The idea of a crucified Messiah is not only unprecedented within Jewish tradition; it is so contrary to the whole nation of a deliver from the line of David, so out of harmony with the constellation of biblical texts we can identify from various Jewish sources that catalyzed around the royal figure later known as the “the Christ” that terms like “scandal” and “foolishness” are the only appropriate responses. Irony is the only means of telling such a story, because it is so counterintuitive. (2)
Paul commented about the challenge of proclaiming a dying Messiah to his fellow countrymen:
“For since in the wisdom of God the world through its wisdom did not know him, God was pleased through the foolishness of what was preached to save those who believe. Jews demand signs and Greeks look for wisdom, but we preach Christ crucified: a stumbling block to Jews and foolishness to Gentiles.” (1 Cor.1:21-22)
Despite the fact that there is a case for a suffering Messiah in some of the Jewish literature that post dates the New Testament, we shouldn’t overlook Justin Martyr’s work called Dialogue with Trypho the Jew. In it, we see the challenge of a dying Messiah. Justin Martyr, the Palestinian Christian who in his mature years taught and wrote in Rome, tries to make the case that Jesus’ Spirit empowered ministry fulfills Scripture at many points and offers proof that he really is Israel’s Messiah to Trypho the Jew. But Trypho is not persuaded by this argument. In one part of this work, He replies:
It has indeed been proved sufficiently by your Scriptural quotations that it was predicted in the Scriptures that Christ should suffer…But what we want you to prove to us is that he was to be crucified and be subjected to so disgraceful and shameful death…. We find it impossible to think this could be so. (3)
How has a dying Messiah been received by the Jewish community throughout history? Perhaps a couple of comments can shed some light on this issue:
“Jesus mistake was that he thought he would be the Messiah, but when he was hanged his thought was annulled.” (R. Shimon ben Tzemah Duran (1361-1444)
“We are obligated to believe that a Jewish man will come who will begin to save Israel and will complete the salvation of Israel in that generation. One who completes the task is the one, while the one who does not complete it in that generation but dies or is broken or is taken captive (Exod 22:9) is not the one and was not sent by God.” (R. Phinehas Elijah Hurwtiz of Vilna (1765-1821), Sefer haberit hashalem (Jerusalem, 1990), 521 (4)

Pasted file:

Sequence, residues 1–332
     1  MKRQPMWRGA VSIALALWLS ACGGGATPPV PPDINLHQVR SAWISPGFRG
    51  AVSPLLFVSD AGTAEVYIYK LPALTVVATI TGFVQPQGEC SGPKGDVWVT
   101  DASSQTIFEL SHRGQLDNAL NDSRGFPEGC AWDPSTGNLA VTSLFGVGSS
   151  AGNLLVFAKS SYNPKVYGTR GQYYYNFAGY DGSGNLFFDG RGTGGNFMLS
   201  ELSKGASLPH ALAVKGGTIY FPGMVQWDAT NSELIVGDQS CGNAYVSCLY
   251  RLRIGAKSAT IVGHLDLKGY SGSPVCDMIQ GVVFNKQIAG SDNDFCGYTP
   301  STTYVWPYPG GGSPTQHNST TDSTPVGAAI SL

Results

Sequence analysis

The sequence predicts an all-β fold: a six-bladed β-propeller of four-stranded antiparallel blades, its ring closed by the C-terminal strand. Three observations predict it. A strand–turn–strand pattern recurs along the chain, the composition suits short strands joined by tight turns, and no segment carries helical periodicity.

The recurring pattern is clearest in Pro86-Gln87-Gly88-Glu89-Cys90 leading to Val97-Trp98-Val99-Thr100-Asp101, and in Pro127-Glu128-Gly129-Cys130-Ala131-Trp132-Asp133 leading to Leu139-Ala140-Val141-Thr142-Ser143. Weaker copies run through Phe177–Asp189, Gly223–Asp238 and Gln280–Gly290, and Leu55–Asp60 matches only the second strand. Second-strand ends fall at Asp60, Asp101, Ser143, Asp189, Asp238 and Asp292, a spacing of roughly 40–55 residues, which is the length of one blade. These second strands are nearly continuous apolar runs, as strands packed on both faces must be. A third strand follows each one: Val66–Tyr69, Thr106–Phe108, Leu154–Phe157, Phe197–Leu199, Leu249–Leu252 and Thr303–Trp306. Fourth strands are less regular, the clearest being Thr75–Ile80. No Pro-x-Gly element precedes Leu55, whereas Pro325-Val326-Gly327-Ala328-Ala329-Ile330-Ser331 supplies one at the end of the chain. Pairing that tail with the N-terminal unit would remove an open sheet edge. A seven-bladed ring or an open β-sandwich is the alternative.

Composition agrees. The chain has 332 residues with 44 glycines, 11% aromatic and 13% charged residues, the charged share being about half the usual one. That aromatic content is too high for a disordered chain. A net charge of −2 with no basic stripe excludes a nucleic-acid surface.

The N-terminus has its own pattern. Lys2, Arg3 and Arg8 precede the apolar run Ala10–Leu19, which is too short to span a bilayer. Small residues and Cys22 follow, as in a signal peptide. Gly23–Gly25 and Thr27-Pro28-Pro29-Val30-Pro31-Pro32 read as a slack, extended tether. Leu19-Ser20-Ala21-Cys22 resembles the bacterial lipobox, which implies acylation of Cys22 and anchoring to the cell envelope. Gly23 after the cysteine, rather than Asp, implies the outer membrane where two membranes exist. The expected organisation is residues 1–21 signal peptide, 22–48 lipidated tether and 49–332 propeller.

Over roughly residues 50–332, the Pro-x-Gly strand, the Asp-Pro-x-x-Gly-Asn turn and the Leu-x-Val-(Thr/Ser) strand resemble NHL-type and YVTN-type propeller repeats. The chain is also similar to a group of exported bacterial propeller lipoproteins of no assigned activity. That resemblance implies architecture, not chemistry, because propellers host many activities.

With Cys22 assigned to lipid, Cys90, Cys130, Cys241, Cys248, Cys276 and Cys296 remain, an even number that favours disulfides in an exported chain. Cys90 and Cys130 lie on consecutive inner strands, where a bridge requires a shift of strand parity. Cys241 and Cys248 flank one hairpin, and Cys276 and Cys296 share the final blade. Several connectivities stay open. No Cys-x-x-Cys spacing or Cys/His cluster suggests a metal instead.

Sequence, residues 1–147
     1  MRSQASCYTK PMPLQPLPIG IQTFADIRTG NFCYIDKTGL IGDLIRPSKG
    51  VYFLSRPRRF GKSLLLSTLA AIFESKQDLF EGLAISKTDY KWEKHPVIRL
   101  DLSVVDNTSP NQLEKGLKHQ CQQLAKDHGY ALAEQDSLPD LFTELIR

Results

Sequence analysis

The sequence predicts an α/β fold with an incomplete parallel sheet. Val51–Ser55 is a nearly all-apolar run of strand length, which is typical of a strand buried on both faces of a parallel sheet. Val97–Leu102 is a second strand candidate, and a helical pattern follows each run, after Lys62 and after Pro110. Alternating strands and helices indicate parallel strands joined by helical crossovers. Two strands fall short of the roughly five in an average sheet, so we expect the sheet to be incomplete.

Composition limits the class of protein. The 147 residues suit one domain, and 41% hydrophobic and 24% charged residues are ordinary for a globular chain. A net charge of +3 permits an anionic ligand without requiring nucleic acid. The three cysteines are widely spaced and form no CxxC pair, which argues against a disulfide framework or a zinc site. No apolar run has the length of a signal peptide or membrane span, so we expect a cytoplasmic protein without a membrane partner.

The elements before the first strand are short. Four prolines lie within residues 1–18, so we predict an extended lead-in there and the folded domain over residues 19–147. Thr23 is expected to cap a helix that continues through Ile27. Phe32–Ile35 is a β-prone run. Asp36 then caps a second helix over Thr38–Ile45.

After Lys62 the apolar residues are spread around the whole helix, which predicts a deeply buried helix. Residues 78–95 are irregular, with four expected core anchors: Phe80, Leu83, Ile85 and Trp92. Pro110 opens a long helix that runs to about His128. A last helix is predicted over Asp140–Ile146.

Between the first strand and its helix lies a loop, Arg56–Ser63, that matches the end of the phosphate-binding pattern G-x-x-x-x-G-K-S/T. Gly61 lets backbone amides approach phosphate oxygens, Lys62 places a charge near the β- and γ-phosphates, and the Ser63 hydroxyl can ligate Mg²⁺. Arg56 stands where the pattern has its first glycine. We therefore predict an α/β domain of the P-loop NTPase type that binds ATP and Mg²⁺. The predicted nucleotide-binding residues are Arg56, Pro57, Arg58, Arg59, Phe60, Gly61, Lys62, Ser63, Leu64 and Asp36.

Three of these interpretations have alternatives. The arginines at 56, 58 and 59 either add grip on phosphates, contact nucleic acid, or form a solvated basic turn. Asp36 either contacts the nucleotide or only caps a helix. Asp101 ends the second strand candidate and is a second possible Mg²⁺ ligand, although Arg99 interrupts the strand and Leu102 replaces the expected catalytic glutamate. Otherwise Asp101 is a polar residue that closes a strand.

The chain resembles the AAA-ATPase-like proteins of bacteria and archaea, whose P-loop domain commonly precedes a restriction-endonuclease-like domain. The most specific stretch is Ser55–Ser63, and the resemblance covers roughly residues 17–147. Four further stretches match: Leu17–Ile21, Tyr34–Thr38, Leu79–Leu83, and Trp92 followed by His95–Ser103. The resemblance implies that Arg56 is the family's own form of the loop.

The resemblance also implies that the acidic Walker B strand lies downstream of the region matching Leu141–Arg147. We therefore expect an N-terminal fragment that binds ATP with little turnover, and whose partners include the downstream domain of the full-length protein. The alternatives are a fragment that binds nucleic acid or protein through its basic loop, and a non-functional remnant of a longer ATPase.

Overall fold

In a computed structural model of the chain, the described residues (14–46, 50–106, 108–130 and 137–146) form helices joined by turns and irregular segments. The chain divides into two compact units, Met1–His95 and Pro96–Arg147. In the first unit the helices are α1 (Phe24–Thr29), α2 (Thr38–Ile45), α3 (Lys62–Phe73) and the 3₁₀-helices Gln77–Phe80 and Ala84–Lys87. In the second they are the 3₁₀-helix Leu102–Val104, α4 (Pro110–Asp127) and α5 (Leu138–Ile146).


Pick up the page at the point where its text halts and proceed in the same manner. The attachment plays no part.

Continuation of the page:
On many occasions I have heard old saying, “Jesus is just one of several messiah’s in the first century” is not only patently false but also a gross oversimplification. Just because someone leads a messianic revolt does not qualify them as “the Messiah” (notice the capital “M”). Here are some of the figures who claimed royal prerogatives between 4 B.C.E and 68-70 C.E but are not called “the” or “a” Messiah:
1. In Galilee 4 B.C.E.: Judas, son of bandit leader Ezekias (War 2.56;Ant.17.271-72)
2. In Perea 4 B.C.E.: Simon the Herodian slave (War 2.57-59;Ant 17.273-77)
3. In Judea 4 B.C.E.: Athronges, the shepherd (War 2.60-65;Ant 17.278-84)
4. Menahem: grandson of Judas the Galilean (War 2.433-34, 444)
5. Simon, son of Gioras (bar Giora) (War 2.521, 625-54;4.503-10, 529;7.26-36, 154) (5)
So what if Jesus was a failure? Maybe there was another Messiah who would come that would restore the Jewish people to self- rule. Out of the all the messianic movements within Judaism, I will mention some that I believe are rather significant.
So after glancing at these issues, what needs to asked is the following:
1. Would there be a Christianity today apart from the resurrection of Jesus? Sure, just because a new religious movement grows doesn’t make a faith true. But given the negative views of crucifixion and a dying Messiah, it seems that the early Christian movement (pre-70 A.D.) should of ended very quickly.
Hence, in light of all the varied messianic expectations and given the failure of messianic revolts, the Christian can echo the comments by scholar C. F.D., Moule in his book, The Phenomenon of the New Testament. Moule affirmed that the actual existence of the Nazarenes, which is an event, called for an explanation. Moule went onto say that the phenomenon was brought about by ‘a most powerful and original mind and a tremendous confirmatory event.’ (6)
As we conclude, I am well aware of several naturalistic explanations that try to explain the birth of our faith. We should remember to study the resurrection in it’s first century context. From my experience, this pays great dividends. While Christians take the time this season to celebrate the Savior of the world, let us heed the words of my friend Dr. Michael Brown who says, “Unless Jesus is the Jewish Messiah of both Israel and the nations, he can’t be the Savior of the world.”
1.J.D. Crossan, Jesus: A Revolutionary Biography (San Francisco: HarperSanFrancisco. 1994), 45. While it is true that scholars agree that there are some interpolations in Josephus, it should be noted that while the manuscript tradition of Testimonium of Josephus has the interpolations, a solid case can be made that the original passage is accurate- especially the part about Jesus being crucified under Pilate.
2. Donald H. Juel, “The Trial and Death of the Historical Jesus” featured in The Quest For Jesus And The Christian Faith: Word &World Supplement Series 3 (St. Paul Minnesota: Word and World Luther Seminary, 1997), 105.
3.Saint Justin Martyr, The Fathers of the Church, trans. Thomas B. Falls (New York: Christian Heritage, Inc., 1949) pg, 208, 291
4. David Berger, The Rebbe, The Messiah And The Scandal Of Orthodox Difference (Portland: The Littman Library of Jewish Civilization. 2001), 21.
5. Arthur Zannoni, Jews and Christians Speak of Jesus (Minneapolis: Fortress Press.1994),113-114.
6. C.F.D. Moule, The Phenomena of the New Testament (London: SCM, 1967, 3, 17).
Eric Chabot is the director of Ratio Christi, The Ohio State University, and CJFM Midwest Representative. He has an M.A. from Southern Evangelical Seminary and blogs reguarly at Thinkapologetics.com